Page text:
MANILA(PHILIPPINE DAILY INQUIRER/ASIA NEWS NETWORK) - It's been six months since Hanjin Heavy Industries and Construction Philippines (HHIC-Phil) declared bankruptcy and closed the gates of the shipbuilding giant at Subic Bay, yet its future remains uncertain.
The five Philippine banks that invested a total of US$412 million (S$563 million) in loans are working for the quick sale of the facility, while the Philippine Navy has called for its transformation into a naval base and shipbuilding hub.
So far, however, selling the Subic facility has proved challenging due to a price tag that would include covering HHIC-Phil's liabilities, and the US$12 million (S$16.4 million) monthly working capital required for its operations.
Daunting, too, is the need for additional investment to reconfigure the facility, fitted solely to produce large cargo vessels for the external market that had long soured due to sluggish global trade.
To thrive as a shipbuilder would likely mean diversifying its product lines to cater as well to domestic buyers - an option that might crowd out Filipino shipbuilders and, given the small market, include securing government contracts.
The easier alternative could be to reduce the facility into commercial space, consisting of real estate and port, but this would mean losing the equipment, infrastructure and technical know-how that had made the country the world's fifth largest shipbuilder.
Clearly, getting out of the current fix requires strategic thinking from the national government.
In this light, the Navy's proposal deserves serious study.
In a forum organised by the University of the Philippines Centre for Integrative and Development Studies, Rear Adm. Giovanni Carlo J. Bacordo argued that the Philippine government should acquire the facility, citing security concerns due to its proximity to the disputed waters of Scarborough Shoal, and the Navy's need for a secure and ready deep-sea harbour, especially for vessels newly acquired to strengthen the country's defence in the high seas.
It is, however, the Navy's interest in shipbuilding that suggests developmental thinking.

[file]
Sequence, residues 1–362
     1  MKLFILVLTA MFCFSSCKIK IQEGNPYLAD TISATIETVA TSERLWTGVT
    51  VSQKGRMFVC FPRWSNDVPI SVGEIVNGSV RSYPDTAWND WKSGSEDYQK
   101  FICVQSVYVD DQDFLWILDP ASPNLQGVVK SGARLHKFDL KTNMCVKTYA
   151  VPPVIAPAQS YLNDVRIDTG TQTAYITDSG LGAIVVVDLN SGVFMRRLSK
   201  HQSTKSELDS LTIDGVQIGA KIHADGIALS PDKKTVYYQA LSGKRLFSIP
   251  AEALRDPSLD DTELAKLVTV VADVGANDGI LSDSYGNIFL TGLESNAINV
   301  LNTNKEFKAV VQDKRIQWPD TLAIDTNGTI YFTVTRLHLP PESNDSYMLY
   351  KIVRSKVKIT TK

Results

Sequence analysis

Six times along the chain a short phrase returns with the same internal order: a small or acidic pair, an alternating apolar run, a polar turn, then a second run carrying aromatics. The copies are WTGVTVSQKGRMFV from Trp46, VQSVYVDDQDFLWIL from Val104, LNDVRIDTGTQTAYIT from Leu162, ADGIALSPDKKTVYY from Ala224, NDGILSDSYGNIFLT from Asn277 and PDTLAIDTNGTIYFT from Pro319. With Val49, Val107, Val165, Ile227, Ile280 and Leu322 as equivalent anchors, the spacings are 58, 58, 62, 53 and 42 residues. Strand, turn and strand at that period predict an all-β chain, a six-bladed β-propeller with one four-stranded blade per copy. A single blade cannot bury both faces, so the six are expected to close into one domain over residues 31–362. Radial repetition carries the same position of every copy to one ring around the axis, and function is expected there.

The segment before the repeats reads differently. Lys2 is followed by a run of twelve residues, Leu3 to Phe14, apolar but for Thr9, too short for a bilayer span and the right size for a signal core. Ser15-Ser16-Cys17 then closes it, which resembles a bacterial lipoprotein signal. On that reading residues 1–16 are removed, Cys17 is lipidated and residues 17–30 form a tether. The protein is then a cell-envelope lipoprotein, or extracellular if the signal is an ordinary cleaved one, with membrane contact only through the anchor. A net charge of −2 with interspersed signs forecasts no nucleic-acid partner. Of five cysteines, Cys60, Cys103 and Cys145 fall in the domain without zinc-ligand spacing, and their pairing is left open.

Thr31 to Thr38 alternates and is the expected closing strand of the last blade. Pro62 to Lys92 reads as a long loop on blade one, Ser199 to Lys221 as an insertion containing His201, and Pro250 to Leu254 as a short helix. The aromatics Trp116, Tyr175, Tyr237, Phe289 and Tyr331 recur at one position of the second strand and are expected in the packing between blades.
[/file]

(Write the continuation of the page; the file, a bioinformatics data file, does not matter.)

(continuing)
Bacordo argued that if the country develops its naval shipbuilding capacity, it could benefit from the global trend of rising defence spending.
By buying locally made vessels, rather than relying on imports, much of the money spent in the purchase can also be reinvested in the domestic shipbuilding industry.
An added incentive is the potential of technology transfer.
One industry practice when partnering with a foreign naval shipbuilder for the delivery of specific models is to have at least one or a few of the commissioned ships be built domestically - a condition that would allow for technology transfer, increased local content and job creation.
Apparently, the Philippine Navy is informed by the experience of Indonesia, from which it recently bought two amphibious landing docks for P3.8 billion (S$ 103 million) or US$76 million and that launched in April its first Indonesian-made (20-percent local content) diesel-electric submarine - a product of a joint venture with Daewoo Shipbuilding and Marine Engineering (DSME).
History is replete with examples of how developing countries' shipbuilding industries got their start with the State, specifically the Navy, as lead player.
Given the huge investment needed to build even a single long-distance, export-quality maritime vessel, governments stepped up both as producers and procurers - an arrangement true not only for states but also for private corporations in which shipbuilders operate shipping lines.
In Indonesia and Malaysia, the state-owned or -led PT PAL and Boustead Naval Shipyard, respectively, build ships for the Navy, Coast Guard and other government agencies in contract-based joint ventures with foreign shipbuilders (e.g. the Dutch Damen Group, Naval Group of France and DSME).
The Indonesian Navy (TNI-AL) and Royal Malaysian Navy shape the domestic industry also by ensuring technology transfer and placing work orders with local shipbuilders.
With Hanjin's closure, the country finds itself at a defining moment.
Do we, as an archipelagic nation, have a stake in strengthening our maritime industry and defence?
If so, then the national government needs to step up, rather than opt out, in the face of such colossal market failure.
The writer is an associate professor at the Asian Centre and convener of the Centre for Integrative and Development Studies Political Economy Program, University of the Philippines. The Philippine Daily Inquirer is a member of The Straits Times media partner Asia News Network, an alliance of 24 newspaper organisations.